JESSICA MARUCCI: Yeah. So that was like number five, I made note to myself, like, retention is huge. And you want to be able to retain especially your top performers and high potential employees who communication and open comms with everybody all the time. So for every organization, that's going to look different for me, I'm doing surveying right now, in addition to, I'm fortunate enough to have a business partner on my team that's actually going out there to talk to employees, and whether it's in a formal state interview setting, or it's just a catch up with employees, just to understand what's going on what's making them tick, why, why are they still here, we're all getting recruiter messages. I know for sure, I would bet every dollar that I have that every single person in my company has gotten a recruiter message in the past two weeks, like they all exists, they're throwing blanket nets out to get as much attraction as possible for what that's going to look like. What's keeping you here, and having those conversations very regularly and what it entails. And don't let it just be a conversation, put some action behind it, you're hearing a theme of what's going on with these people. And, and this is what I care about. Okay, let's turn that into action. And we've set up a couple of goals through the end of this year and the beginning of next year for putting those things in place. And one of the things that has continuously come out is growth internally, and internal mobility. So we actually have a senior pm who used to be in CES. And that was one of our success stories. I have an InfoSec engineer who wants to go in software engineering, supporting them there, I have someone in CS, who wants to be in product, giving them the level of exposure, putting them in the room with product, people on product calls to understand what it's going to look like to make that transition in their career. And hopefully give them the opportunity to do that here. Where if you're limited to headcount, if you're limited to salary, or huge baller raises, you're not limited to giving people the growth that they want in their career today. Yeah, that's,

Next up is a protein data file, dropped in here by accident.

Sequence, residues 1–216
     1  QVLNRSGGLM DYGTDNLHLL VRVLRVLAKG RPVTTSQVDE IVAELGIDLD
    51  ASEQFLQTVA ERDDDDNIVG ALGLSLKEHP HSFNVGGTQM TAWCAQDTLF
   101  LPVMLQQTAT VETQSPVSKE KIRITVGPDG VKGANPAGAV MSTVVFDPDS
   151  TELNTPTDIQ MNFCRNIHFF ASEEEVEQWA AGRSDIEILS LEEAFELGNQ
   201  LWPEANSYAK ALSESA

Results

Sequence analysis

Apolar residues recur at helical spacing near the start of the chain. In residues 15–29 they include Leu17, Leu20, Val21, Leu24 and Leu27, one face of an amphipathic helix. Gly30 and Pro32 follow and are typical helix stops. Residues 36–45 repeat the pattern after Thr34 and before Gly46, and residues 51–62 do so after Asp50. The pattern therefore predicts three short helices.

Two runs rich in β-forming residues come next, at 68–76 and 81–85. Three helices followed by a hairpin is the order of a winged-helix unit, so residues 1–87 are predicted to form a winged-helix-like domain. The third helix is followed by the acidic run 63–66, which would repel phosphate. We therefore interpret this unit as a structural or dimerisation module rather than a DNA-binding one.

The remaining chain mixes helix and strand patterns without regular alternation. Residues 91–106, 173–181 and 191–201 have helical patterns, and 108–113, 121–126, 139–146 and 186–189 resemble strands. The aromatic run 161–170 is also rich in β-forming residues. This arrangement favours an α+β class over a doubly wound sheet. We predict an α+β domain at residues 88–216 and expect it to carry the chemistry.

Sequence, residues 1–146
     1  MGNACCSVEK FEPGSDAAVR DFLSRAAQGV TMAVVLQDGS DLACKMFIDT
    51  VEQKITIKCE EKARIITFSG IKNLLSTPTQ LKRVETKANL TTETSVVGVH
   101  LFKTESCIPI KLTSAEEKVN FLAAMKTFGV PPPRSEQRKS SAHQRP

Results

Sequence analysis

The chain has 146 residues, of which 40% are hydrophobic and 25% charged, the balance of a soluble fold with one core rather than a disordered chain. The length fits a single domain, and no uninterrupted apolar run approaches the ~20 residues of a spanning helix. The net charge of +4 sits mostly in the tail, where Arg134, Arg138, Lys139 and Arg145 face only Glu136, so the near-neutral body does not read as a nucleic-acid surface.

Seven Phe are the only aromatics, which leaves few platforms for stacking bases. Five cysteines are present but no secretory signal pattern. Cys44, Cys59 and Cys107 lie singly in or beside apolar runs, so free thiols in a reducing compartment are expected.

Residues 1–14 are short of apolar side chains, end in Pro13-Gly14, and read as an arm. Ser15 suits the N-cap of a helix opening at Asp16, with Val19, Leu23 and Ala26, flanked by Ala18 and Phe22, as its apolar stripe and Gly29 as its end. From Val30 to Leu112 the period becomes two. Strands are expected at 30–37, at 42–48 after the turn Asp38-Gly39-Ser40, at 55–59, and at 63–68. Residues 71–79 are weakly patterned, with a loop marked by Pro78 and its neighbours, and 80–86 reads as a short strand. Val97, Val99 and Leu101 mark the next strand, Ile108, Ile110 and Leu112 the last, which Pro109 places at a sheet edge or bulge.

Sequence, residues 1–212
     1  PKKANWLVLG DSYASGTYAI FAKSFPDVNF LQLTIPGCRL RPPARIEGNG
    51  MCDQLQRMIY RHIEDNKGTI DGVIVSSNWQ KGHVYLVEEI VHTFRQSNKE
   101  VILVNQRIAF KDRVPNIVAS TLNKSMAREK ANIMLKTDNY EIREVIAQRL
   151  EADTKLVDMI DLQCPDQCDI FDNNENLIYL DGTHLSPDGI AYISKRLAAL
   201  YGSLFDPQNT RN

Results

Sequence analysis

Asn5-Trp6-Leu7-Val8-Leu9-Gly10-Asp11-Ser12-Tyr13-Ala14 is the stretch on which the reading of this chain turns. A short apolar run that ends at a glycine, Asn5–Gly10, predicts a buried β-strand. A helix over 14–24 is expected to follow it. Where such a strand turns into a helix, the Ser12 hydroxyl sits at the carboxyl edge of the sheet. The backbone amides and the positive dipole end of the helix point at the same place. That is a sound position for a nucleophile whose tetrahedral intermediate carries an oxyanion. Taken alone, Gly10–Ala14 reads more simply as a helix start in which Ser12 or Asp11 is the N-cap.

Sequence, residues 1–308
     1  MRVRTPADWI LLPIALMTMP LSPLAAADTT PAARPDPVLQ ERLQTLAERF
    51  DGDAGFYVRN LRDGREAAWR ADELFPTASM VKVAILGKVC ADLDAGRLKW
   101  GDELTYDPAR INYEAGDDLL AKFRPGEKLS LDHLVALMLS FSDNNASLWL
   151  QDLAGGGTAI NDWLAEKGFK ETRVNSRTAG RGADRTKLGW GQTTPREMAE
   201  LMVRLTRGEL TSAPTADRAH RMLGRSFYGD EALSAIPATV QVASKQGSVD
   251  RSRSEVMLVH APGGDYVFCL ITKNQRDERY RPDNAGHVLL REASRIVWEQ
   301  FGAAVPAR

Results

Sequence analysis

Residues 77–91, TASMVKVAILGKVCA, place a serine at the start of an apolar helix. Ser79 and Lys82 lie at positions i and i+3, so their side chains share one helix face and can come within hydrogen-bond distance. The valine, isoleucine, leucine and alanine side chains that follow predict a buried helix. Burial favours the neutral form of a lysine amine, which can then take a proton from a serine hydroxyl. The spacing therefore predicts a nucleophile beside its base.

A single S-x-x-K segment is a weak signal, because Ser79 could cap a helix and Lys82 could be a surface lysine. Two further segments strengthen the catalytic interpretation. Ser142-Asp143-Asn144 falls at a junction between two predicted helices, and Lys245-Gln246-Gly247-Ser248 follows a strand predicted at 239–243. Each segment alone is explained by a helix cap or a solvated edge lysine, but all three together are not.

CAITLIN ALLEN: that's when we've heard from our team to about growth internally wanting. We're in the process of putting together our leveling framework. So I think that'll help for part of that. But wanting training and opportunities for learning and growth are the exact same. And I heard this morning from someone on my team that he was helping a friend over the weekend look for position, that's the same as the one that he has. And he did a deep dive into how compensation has shifted since he was hired last year. And it's it's changed pretty dramatically to that, which was a I knew that conceptually, but it was a very close to the heart moment, shall we say? Comp tools from OpenComp are most loved by customers.
JESSICA MARUCCI: People also care about things differently now post COVID. So I would answer this question completely differently in 2019, than I am now. But specific to compensation. Looking at the full package, I'm getting a lot more people assessing health care and benefits than I ever have before. And there's two levels to it. One level is obviously a post COVID world where people have had to use their health care, and they know what kind of impact that it has on their dollar and what they care about. And then the other side is a targeting more mature employees who are later stage in their career who are factoring in health care for their children, my kid needs braces, and how much is that going to cost me? Or when I'm going for all of these checkups very regularly with multiple children or my spouse who cares about it? Like what is that going to have a second matter? So going upscale on experience usually ties to a bigger factor on comp as a whole looking at the package entirely. And what does the work life balance look like? Everyone talks about it? What does it actually mean in practice that catalyst? And how do we encourage people to shut off at the end of their day or take off regularly to make sure that they don't burn out?
NANCY CONNERY: How do you how do you weave in the work life balance? I mean it I think it's fascinating in this post to COVID world that they're some of the barriers have been broken down. You know, most people work from home now. And how do you really how do you encourage people to shut it off and have that separation?